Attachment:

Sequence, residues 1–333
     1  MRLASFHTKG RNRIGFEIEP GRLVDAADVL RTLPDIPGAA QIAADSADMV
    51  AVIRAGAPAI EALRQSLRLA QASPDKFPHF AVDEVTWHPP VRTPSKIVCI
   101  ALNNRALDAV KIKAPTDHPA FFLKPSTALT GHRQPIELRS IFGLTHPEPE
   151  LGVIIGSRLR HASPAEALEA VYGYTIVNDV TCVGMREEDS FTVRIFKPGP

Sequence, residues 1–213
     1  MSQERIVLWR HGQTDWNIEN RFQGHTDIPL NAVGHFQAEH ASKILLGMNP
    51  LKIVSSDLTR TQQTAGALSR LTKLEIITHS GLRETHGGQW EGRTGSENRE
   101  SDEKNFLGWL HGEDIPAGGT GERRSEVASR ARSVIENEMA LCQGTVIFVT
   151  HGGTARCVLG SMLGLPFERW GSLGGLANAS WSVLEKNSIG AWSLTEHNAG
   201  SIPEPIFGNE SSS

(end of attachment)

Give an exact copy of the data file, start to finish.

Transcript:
Sequence, residues 1–333
     1  MRLASFHTKG RNRIGFEIEP GRLVDAADVL RTLPDIPGAA QIAADSADMV
    51  AVIRAGAPAI EALRQSLRLA QASPDKFPHF AVDEVTWHPP VRTPSKIVCI
   101  ALNNRALDAV KIKAPTDHPA FFLKPSTALT GHRQPIELRS IFGLTHPEPE
   151  LGVIIGSRLR HASPAEALEA VYGYTIVNDV TCVGMREEDS FTVRIFKPGP

Sequence, residues 1–213
     1  MSQERIVLWR HGQTDWNIEN RFQGHTDIPL NAVGHFQAEH ASKILLGMNP
    51  LKIVSSDLTR TQQTAGALSR LTKLEIITHS GLRETHGGQW EGRTGSENRE
   101  SDEKNFLGWL HGEDIPAGGT GERRSEVASR ARSVIENEMA LCQGTVIFVT
   151  HGGTARCVLG SMLGLPFERW GSLGGLANAS WSVLEKNSIG AWSLTEHNAG
   201  SIPEPIFGNE SSS